The newsletter of the Memory Disorders Project at Rutgers University

What are Platelets

Platelets (also called thrombocytes) are substances found in blood. They promote coagulation or blood clotting. When a blood vessel is injured, causing bleeding, platelets in the blood begin to accumulate at the injury site, adhering to each other and to the torn vessel lining. This aggregation loosely plugs the injury, preventing further blood loss until the blood can clot, forming a scab and stopping the bleeding. Platelets are often visible as a clear, viscous liquid which forms over a small cut.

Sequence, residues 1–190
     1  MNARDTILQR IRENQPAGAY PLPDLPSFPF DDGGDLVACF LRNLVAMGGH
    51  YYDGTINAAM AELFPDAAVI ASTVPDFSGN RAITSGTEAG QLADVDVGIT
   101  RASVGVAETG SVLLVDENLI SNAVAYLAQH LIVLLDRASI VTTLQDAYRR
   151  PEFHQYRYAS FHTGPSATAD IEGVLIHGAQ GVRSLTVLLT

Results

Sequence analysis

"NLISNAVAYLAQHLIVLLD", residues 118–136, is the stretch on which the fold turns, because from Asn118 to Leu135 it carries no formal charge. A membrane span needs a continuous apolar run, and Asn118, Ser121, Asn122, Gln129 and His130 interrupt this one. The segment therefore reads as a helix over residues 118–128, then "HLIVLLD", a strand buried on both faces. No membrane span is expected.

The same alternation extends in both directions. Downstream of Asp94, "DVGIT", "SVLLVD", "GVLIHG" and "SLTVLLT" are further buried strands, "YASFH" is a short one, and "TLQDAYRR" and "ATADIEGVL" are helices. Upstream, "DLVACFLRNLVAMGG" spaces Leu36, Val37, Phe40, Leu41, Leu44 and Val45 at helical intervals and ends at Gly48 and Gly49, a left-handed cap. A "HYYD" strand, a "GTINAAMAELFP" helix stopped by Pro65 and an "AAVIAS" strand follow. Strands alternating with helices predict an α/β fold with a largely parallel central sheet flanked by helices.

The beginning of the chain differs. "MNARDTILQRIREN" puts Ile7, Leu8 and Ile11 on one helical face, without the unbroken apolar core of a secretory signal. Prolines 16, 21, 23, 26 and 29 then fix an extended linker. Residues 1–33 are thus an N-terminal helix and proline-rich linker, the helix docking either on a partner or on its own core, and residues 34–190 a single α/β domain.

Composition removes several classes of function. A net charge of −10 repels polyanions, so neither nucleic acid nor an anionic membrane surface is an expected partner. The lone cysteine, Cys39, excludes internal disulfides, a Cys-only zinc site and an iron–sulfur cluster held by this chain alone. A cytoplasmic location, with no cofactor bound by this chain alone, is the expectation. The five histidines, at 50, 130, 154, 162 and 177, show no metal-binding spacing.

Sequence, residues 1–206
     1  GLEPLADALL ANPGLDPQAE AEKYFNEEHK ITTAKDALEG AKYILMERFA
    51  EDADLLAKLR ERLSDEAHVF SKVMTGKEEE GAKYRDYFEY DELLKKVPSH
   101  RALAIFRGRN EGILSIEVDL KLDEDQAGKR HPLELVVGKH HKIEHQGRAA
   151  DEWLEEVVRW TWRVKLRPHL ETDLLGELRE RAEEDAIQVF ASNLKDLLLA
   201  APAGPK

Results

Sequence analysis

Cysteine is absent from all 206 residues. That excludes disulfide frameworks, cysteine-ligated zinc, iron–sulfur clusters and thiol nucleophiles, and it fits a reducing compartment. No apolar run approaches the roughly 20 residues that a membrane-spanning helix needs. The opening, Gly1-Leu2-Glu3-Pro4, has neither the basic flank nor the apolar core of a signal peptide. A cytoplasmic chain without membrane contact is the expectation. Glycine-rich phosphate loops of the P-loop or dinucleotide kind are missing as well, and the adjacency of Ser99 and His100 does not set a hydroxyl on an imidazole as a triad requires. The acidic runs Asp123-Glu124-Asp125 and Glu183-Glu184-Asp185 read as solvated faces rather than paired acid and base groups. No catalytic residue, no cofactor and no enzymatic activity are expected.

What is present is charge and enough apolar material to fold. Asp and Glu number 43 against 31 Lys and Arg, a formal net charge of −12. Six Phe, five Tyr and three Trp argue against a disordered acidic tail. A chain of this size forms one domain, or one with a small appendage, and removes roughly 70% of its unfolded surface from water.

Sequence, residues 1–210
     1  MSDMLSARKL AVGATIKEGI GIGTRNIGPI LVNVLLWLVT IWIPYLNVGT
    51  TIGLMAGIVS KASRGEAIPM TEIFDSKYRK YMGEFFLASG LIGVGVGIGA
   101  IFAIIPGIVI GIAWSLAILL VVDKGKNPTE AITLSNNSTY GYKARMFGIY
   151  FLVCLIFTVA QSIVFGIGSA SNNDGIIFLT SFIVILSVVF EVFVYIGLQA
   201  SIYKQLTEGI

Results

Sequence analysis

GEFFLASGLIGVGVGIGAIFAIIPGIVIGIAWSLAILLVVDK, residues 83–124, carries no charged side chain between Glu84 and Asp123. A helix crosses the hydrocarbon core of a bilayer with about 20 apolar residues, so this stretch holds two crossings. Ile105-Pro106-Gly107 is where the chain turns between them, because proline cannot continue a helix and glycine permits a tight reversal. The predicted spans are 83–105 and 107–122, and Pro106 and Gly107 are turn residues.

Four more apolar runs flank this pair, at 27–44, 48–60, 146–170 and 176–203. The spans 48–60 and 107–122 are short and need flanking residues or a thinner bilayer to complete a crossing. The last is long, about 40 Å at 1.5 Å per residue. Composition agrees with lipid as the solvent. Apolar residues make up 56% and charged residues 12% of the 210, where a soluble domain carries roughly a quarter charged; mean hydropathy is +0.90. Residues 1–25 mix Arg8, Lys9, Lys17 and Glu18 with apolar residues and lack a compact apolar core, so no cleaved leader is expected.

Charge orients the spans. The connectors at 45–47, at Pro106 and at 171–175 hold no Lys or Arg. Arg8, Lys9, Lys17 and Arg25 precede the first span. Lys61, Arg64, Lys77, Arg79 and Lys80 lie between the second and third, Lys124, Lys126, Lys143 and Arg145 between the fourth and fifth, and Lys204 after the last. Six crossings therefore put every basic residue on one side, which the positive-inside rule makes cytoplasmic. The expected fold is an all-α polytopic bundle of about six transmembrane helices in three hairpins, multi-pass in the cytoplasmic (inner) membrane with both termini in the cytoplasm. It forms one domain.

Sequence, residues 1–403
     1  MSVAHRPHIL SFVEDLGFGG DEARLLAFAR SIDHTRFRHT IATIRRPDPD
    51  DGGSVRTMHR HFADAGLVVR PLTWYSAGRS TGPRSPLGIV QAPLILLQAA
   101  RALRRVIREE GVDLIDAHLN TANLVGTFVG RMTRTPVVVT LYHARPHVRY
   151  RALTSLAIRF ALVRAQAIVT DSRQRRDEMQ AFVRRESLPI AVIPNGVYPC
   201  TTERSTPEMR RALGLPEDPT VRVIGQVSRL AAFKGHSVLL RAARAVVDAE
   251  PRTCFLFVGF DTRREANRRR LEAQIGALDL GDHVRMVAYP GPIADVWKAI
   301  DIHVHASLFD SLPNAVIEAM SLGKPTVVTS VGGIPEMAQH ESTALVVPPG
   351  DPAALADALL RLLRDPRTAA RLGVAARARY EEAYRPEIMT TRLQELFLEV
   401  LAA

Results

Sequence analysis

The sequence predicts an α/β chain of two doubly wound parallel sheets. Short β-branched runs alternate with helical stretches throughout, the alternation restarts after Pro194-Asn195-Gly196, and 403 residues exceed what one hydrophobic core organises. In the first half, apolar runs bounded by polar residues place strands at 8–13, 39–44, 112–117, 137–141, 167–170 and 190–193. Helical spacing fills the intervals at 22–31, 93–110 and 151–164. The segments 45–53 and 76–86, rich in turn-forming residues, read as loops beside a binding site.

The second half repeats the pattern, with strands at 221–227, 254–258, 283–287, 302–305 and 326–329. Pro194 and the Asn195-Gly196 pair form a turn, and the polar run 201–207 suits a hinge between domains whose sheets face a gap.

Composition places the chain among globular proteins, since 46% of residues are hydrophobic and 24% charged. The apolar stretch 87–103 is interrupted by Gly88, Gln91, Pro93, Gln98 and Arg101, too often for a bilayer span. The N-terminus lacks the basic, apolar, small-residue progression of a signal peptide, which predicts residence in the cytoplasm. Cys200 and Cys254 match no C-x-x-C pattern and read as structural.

Anticoagulant drugs, such as aspirin, often work by inhibiting platelet aggregation and blood clotting. This results in longer bleeding times, but also reduces the chance that a blood clot will form inside an artery, possibly leading to stroke.

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by Catherine E. Myers. Copyright © 2006 Memory Loss and the Brain